An ongoing struggle in today’s business world is ensuring equal opportunity and inclusion of employees regardless of race, ethnicity or gender. This focus is especially prevalent in college athletics, where minorities have been consistently under-represented.
Due to the vastness of Division I college sports, where more than 350 programs span from the West Coast through the South all the way up to the Atlantic, conferences and geographical regions handle the hiring and firing process of coaches uniquely.
We have gathered and analyzed data regarding head coaching firings, resignations, retirements and hirings over the last decade (2008-2017) in NCAA Division I men’s and women’s basketball, covering almost 1000 transactions. The data reveals that racial hiring and firing practices of head coaches should be at the forefront of discussions in major college sports.
The bulk of our analyses was concentrated on head coaching movement between Caucasians and Minorities. The findings contain the most extensive research and analysis on the market regarding head coaching movement in college basketball and how it pertains to these racial groups.
To begin, we analyzed the percentage of total head coaching hires for both men’s and women’s basketball that resulted in a coach leaving for retirement, a new job, or a coach that was either fired or forced to resign. We agreed that coaches fired or forced to resign should compile the same category in our data, as both actions would suggest the removal of a head coach. Traditional Historically Black Colleges and University (HBCU) conferences, like the Mid-Eastern Athletic Conference (MEAC) and Southwestern Athletic Conference (SWAC) were not included in our D-I data averages for the sake of avoiding potentially skewed data.
The table below indicates the percentage of head coaching hires for men’s and women’s basketball that resulted in the three aforementioned designations (retirement, leaving for new job, fired/forced to resign) over the past ten seasons.
In women’s basketball, firing/forced resignation rates are higher for both Caucasians and minorities than in men’s basketball. Over the past ten seasons in women’s basketball, minority head coaching tenures have resulted in a firing or a forced resignation 84.3% of the time. Just 13.9% of minority head coaching tenures on the women’s side have resulted in a coach leaving for a new job, while 25.6% of minority men’s basketball head coaching tenures have resulted in a coach leaving for another opportunity. This means minority women’s basketball coaches are six times more likely to be fired than move on for a better opportunity, while minority men’s are three times more likely to be fired than to exit for another head coaching position. Indeed, in aggregate, Caucasian coaches leave for new jobs 25.6% of the time, while minorities do the same just 13.9% of the time.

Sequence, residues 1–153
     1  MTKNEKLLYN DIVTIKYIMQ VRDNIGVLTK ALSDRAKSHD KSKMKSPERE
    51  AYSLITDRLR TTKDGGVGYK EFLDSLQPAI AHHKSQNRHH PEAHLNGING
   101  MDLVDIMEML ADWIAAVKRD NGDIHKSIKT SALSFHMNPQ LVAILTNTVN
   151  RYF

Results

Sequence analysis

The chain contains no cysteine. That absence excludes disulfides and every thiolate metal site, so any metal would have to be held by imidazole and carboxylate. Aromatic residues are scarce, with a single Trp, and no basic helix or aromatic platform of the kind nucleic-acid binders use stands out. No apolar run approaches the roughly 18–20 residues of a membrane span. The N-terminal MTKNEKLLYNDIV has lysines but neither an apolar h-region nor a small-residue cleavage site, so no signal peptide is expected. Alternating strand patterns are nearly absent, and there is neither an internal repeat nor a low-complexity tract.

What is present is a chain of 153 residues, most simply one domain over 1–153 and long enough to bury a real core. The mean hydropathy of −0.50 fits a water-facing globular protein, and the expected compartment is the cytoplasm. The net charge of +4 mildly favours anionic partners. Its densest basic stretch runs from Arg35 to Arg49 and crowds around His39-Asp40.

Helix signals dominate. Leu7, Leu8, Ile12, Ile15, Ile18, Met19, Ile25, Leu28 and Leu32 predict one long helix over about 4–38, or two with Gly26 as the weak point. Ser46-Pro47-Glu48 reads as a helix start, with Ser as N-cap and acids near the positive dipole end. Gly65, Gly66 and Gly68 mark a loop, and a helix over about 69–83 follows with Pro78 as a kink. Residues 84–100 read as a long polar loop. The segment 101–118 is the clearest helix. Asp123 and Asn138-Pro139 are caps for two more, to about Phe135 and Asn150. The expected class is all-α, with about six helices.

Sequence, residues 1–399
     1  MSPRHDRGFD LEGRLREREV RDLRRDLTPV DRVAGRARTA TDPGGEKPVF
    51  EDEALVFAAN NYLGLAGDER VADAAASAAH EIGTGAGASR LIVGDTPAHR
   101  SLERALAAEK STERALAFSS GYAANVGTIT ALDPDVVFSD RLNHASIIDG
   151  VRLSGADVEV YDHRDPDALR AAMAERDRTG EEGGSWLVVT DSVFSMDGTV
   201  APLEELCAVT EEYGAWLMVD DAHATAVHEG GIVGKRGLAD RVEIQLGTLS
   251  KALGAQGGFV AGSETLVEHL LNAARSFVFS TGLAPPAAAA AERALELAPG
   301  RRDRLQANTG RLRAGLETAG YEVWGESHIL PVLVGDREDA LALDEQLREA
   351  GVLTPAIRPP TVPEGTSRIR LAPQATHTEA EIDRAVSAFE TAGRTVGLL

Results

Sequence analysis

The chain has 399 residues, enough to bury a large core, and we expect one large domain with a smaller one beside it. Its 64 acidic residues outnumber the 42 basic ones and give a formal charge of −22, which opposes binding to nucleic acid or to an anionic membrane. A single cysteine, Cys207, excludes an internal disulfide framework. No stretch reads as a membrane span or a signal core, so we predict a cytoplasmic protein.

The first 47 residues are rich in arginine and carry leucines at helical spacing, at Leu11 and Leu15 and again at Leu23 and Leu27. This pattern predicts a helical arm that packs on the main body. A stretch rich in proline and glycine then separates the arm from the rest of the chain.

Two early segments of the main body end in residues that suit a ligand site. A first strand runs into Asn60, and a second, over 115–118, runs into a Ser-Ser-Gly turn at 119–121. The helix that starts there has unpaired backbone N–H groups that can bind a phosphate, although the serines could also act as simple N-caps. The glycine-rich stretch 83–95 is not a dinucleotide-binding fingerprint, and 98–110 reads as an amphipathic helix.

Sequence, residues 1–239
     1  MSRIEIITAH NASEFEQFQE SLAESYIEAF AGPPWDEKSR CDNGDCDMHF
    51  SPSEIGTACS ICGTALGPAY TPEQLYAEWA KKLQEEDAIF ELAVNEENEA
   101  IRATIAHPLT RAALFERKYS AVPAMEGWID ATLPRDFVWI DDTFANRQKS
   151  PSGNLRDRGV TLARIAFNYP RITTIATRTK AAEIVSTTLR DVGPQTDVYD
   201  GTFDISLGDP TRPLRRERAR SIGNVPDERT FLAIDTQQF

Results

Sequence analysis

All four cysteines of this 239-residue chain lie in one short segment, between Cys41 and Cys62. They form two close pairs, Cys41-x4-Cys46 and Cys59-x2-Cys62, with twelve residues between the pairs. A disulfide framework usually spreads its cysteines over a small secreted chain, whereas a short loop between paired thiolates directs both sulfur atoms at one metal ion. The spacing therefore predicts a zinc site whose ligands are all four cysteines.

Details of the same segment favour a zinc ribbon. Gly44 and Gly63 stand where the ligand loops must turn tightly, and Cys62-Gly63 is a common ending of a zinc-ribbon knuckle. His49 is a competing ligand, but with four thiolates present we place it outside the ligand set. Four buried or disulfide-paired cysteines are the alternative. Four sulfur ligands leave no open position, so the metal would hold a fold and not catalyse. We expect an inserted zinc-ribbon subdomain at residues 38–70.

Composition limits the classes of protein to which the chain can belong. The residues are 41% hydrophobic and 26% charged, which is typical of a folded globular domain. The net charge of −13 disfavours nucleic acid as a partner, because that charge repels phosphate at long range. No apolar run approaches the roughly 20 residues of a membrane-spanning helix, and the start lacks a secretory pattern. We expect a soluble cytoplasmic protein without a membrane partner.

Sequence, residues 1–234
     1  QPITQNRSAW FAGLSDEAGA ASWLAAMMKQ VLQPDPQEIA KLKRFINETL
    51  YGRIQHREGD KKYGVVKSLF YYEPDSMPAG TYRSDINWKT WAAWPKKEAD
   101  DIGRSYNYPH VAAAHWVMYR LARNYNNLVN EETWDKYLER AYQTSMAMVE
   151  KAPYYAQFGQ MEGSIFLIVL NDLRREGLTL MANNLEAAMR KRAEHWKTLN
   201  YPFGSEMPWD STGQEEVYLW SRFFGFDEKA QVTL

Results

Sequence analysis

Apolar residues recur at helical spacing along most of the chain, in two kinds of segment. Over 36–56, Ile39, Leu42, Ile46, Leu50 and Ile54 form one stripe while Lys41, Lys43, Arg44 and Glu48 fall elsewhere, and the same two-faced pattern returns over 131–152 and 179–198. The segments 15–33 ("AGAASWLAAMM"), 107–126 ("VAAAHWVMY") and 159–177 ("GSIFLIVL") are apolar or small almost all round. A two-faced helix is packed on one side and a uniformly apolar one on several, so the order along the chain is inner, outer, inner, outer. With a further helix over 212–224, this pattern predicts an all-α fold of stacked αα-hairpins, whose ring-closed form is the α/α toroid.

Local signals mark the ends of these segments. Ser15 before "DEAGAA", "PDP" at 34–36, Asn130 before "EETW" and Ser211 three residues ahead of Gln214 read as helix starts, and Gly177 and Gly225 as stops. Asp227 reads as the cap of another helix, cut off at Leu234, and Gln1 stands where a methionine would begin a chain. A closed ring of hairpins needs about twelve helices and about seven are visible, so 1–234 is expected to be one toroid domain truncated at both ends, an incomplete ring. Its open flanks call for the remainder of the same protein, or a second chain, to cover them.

A coaching replacement chart is below, which displays how often minorities are replaced by minorities, Caucasians replaced by Caucasians, and either a Caucasian is replaced by a minority or a minority is replaced by Caucasian. The chart below includes data for both men’s and women’s basketball over the past ten years.
As expected, Caucasians replacing Caucasians is the most frequent head coaching replacement outcome. In men’s basketball, two-thirds of the time a head coaching change involves a Caucasian replacing another Caucasian, compared to just 7.2% of the time a minority replacing a minority. The numbers are very similar on the women’s side, though Caucasian-Caucasian replacements are even more frequent (75.4%) than in men’s basketball (66.7%). Fewer than 1 in every 20 coaching hires is a minority being replaced by another minority in women’s basketball (4.8%). To put it simply, it is extremely rare that Division I athletics programs give minorities as a whole more than one chance at leading their basketball programs.
We further calculated a ratio which indicates the frequency of head coaches leaving for new jobs as it compares to firings and forced resignations for both men’s and women’s basketball. The chart below indicates the number of head coaches that have been fired or forced to resign for every head coaching vacancy that has opened.
Our data shows coaches in men’s basketball are far more likely to find new jobs than to be fired or forced to resign than coaches in women’s basketball. On average in men’s basketball, 2.83 minority coaches fired or forced to resign for every one minority coach that leaves for a new job. For caucasians, 1.81 coaches are fired or forced to resign for every one coach that leaves for a new job. The data illustrates minority men’s head coaches are significantly more likely to be fired/forced to resign than caucasian coaches.